Typhoon Maysak strengthens as it heads towards South Korea

The second major storm in a week threatens damaging winds and widespread floods across the Korean Peninsula.

Just a few days after Typhoon Bavi struck the Korean Peninsula, there is another powerful storm heading for the region.

Typhoon Maysak has formed to the east of the Philippines and is gaining strength as it makes its way towards South Korea.

Maysak, which is locally known in the Philippines as Julian, is currently located about 900km (575 miles) south of the Japanese prefecture of Okinawa in the East China Sea between Taiwan and Japan’s mainland.

The storm is currently packing winds of 150km/h (90 mph) with gusts as high as 185km/h (115 mph).

Further strengthening is expected and Typhoon Maysak is forecast to reach peak intensity on Monday with winds of about 220km/h (140 mph) with significantly higher gusts.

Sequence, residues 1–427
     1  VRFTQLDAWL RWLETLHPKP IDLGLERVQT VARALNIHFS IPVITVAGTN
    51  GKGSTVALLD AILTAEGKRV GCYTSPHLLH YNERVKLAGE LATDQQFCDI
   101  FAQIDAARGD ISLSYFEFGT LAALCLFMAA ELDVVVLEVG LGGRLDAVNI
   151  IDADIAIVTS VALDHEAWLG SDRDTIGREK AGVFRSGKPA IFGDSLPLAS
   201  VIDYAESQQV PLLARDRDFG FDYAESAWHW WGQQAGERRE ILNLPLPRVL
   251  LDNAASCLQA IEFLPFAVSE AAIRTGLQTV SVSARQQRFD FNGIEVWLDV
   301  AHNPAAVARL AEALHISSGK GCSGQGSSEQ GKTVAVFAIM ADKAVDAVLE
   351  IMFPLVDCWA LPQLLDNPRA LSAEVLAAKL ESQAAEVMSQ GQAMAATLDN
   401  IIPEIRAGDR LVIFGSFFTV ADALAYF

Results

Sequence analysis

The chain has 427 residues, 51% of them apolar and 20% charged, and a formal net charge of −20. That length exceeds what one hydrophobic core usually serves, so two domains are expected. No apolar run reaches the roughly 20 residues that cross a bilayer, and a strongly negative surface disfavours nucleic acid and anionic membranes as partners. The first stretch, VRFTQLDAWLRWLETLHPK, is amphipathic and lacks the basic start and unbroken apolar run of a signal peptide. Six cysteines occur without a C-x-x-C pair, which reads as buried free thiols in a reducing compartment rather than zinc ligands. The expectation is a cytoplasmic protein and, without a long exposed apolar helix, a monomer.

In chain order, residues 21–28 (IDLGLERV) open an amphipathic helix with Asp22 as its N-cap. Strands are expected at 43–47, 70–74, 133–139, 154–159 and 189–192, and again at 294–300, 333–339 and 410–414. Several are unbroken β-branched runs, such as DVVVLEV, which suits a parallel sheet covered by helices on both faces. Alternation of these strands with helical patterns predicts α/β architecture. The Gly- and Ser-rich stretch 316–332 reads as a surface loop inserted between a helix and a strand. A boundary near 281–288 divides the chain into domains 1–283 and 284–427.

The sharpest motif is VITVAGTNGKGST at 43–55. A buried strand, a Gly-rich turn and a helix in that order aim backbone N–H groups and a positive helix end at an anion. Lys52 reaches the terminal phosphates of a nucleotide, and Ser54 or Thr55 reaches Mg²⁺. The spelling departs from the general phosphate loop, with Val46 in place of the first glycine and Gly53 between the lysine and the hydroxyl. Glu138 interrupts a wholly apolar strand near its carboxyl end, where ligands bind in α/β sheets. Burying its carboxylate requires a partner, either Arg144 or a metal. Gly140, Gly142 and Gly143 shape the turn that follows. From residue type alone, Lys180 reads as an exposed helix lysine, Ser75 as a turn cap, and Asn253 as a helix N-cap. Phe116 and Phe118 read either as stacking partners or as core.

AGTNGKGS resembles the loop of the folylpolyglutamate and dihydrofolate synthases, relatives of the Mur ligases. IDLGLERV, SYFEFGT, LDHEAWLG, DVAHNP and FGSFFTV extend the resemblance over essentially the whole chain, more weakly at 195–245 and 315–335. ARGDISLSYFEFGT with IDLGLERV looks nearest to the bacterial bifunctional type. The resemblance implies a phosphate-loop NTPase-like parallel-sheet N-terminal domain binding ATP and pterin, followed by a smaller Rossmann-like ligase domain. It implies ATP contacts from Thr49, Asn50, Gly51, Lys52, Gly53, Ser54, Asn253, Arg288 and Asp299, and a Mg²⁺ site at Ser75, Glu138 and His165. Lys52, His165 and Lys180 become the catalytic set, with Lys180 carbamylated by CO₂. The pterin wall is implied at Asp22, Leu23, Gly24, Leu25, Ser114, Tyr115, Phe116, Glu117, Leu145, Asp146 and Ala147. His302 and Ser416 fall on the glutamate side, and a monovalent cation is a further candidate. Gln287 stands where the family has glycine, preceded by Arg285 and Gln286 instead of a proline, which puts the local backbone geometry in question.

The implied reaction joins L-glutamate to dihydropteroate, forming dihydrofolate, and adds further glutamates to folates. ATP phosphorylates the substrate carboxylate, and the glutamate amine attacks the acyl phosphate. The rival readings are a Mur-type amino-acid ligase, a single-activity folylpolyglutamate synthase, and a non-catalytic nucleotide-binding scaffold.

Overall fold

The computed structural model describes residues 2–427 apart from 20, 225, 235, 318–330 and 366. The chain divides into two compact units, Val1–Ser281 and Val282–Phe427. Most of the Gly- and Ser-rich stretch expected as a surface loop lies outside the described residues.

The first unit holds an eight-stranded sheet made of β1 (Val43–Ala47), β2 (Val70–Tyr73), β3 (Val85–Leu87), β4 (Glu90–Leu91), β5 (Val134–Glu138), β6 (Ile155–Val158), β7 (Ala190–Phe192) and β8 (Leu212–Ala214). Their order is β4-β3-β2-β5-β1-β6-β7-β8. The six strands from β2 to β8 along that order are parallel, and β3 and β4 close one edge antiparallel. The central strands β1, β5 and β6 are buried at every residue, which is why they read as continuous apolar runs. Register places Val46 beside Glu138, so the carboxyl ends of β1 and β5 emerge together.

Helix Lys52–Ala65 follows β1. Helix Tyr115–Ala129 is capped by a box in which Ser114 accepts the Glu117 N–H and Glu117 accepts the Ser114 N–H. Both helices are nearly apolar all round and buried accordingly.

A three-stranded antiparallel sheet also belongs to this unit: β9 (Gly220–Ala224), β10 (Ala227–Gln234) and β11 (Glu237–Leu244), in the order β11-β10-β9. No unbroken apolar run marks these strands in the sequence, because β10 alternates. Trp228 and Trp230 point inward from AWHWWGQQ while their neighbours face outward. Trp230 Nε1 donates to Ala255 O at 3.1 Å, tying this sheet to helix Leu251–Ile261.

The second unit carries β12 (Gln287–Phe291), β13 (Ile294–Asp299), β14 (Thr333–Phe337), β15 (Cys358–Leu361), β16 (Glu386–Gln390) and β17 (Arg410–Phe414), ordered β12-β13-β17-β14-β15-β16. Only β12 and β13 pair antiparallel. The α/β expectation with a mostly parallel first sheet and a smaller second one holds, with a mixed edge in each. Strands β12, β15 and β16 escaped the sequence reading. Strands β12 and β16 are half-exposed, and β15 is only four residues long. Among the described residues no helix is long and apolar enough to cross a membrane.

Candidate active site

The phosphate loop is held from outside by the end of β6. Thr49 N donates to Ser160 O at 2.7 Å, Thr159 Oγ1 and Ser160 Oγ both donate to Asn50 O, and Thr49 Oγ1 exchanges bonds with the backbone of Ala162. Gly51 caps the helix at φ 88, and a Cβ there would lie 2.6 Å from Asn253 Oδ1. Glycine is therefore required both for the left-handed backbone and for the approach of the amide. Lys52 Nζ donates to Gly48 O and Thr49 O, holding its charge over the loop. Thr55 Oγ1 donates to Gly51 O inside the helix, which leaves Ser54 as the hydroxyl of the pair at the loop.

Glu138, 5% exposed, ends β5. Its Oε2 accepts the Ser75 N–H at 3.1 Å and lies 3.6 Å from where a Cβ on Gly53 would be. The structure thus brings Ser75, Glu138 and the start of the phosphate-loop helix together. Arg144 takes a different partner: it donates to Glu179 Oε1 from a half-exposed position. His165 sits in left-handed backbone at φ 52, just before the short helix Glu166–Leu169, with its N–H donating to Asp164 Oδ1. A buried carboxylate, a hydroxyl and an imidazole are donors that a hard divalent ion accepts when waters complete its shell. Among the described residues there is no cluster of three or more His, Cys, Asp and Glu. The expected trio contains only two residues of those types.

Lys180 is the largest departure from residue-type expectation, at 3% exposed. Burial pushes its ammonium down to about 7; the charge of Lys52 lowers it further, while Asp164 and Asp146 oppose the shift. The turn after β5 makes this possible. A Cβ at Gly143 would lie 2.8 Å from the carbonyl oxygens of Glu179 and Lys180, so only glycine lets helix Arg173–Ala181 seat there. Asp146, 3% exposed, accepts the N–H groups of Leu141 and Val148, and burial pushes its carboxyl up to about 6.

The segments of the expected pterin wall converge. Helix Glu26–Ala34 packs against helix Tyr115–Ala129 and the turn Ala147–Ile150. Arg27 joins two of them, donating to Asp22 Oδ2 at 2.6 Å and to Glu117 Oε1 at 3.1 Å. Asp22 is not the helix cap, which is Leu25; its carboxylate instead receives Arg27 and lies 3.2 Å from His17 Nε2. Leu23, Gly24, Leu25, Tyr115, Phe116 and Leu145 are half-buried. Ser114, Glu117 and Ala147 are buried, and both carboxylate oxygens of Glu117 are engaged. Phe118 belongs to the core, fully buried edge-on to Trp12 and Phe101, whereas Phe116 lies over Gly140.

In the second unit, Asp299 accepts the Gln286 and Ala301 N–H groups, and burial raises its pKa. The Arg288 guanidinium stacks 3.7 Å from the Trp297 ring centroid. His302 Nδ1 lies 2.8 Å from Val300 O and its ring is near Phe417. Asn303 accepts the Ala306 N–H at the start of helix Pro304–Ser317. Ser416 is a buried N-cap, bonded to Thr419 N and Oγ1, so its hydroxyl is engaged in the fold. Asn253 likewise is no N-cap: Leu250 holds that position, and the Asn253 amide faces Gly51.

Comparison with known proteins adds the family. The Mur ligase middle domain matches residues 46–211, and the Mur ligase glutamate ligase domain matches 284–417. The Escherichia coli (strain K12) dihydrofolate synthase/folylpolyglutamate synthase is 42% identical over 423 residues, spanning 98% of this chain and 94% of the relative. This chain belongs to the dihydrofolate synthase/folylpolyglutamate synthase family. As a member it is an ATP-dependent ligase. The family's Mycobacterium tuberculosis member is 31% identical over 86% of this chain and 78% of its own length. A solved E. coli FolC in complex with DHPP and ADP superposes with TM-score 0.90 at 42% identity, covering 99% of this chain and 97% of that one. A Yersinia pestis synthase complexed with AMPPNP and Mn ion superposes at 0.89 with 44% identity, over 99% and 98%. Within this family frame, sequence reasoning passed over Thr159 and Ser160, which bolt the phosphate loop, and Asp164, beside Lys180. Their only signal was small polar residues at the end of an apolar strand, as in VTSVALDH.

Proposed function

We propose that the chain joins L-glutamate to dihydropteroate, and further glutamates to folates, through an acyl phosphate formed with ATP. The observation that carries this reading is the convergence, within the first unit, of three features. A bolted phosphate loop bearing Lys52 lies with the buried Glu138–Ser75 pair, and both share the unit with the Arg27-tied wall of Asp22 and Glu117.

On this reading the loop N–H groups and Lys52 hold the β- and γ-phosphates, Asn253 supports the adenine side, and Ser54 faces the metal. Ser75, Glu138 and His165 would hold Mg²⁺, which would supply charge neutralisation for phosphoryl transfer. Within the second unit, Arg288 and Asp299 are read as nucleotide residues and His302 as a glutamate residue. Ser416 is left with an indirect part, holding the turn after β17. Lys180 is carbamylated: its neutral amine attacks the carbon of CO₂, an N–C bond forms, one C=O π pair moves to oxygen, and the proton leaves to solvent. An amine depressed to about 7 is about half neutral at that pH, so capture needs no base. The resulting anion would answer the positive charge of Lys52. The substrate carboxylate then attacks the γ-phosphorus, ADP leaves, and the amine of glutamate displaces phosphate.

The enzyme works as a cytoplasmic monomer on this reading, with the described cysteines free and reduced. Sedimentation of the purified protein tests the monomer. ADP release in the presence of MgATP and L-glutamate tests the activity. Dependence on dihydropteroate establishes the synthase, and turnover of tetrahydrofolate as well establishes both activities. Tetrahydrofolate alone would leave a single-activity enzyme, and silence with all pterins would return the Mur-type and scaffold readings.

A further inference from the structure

This would make it equivalent to a Category 4 Atlantic hurricane on the Saffir-Simpson scale.

The system will then cross the Ryukyu Islands with the winds only slowly easing down as it moves through the East China Sea.

Typhoon Maysak is expected to hit South Korea at approximately 3am on Wednesday (18:00GMT Tuesday).

At this stage, it is still likely to be a powerful storm with winds of about 185km/h (115 mph) with gusts possibly as high as 220km/h (140 mph).

This would make it equivalent to a Category 3 major hurricane.

Last week, Typhoon Bavi, the strongest typhoon of the year so far with sustained winds of 155km/h (96 mph), struck the western side of South Korea before going on to cause damage in North Korea on Thursday.

Maysak should be a little further east. Damaging winds and torrential downpours are likely to cause widespread disruption with further floods and damaging winds for much of the Korean Peninsula.

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